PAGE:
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Specific and sequential detection of hydrogen sulfide and hypochlorous acid based on a ring-forming reaction and self-assembly
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  • Jiajia Chen,
  • Minghui Wang,
  • Yongxin Chang,
  • Xindi Yang,
  • Haijuan Qin,
  • Zan Li,
  • Kuoxi Xu,
  • Guangyan Qing
Jiajia Chen
Henan University
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Minghui Wang
Henan University
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Yongxin Chang
Chinese Academy of Sciences Dalian Institute of Chemical Physics
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Xindi Yang
Henan University
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Haijuan Qin
Tianjin University of Science and Technology
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Zan Li
Chinese Academy of Sciences Dalian Institute of Chemical Physics
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Kuoxi Xu
Henan University
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Guangyan Qing
Chinese Academy of Sciences Dalian Institute of Chemical Physics

Corresponding Author:[email protected]

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Abstract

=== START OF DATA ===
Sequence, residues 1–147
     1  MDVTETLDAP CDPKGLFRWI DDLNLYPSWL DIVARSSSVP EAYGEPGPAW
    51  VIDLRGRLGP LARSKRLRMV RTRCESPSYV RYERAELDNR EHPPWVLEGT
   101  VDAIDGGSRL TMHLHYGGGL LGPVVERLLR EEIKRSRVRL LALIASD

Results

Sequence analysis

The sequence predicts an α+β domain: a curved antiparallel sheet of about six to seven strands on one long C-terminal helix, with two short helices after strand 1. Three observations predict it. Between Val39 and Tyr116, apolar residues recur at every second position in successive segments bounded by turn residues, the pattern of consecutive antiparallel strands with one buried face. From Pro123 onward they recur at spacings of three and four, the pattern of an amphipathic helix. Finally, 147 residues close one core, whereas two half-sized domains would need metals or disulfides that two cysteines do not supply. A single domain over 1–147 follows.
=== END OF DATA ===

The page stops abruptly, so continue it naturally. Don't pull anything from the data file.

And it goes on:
Hydrogen sulfide (H2S) is an important molecule in cellular physiology, serving various functions such as regulating blood pressure, protecting cells against oxidative stress, modulating cellular metabolism, and regulating cell survival and death. Another essential biomolecule is hypochlorous acid (HClO), which is produced by white blood cells to eliminate bacteria and viruses during infection. However, excessive production of ClO can lead to tissue damage and contribute to many chronic diseases. Several fluorescent probes have been developed for the sensitive and selective detection of HS and ClO, but most of them are designed to target only one of these analytes. Here we report a sequential detection mode fluorescence probes P1-P3 that allow for the sensing of HS and ClO. The mixture of P and HS constructs a specific sensing system for ClO, leading to significant fluorescent quenching. Mechanism studies demonstrate that HS substitutes the Cl atom in P, which leads to fluorescence enhancement. Furthermore, the addition of ClO facilitates a ring-forming reaction, resulting in the formation of a thiofuran ring within the product (T) that quenches the fluorescence. Interestingly, P has a highly ordered steric packing and could self-assemble into a rice-spike-like structure. Upon the addition of HS, the assemblies decompose into free molecules. After interaction with ClO, these molecules further transform to T with strong assembled capacity, featuring a larger number of nanosheets. This study provides a novel mechanism for sensing HS and ClO, cell and living animal imaging further indicating the good application prospects of these probes in biosensing and bioimaging.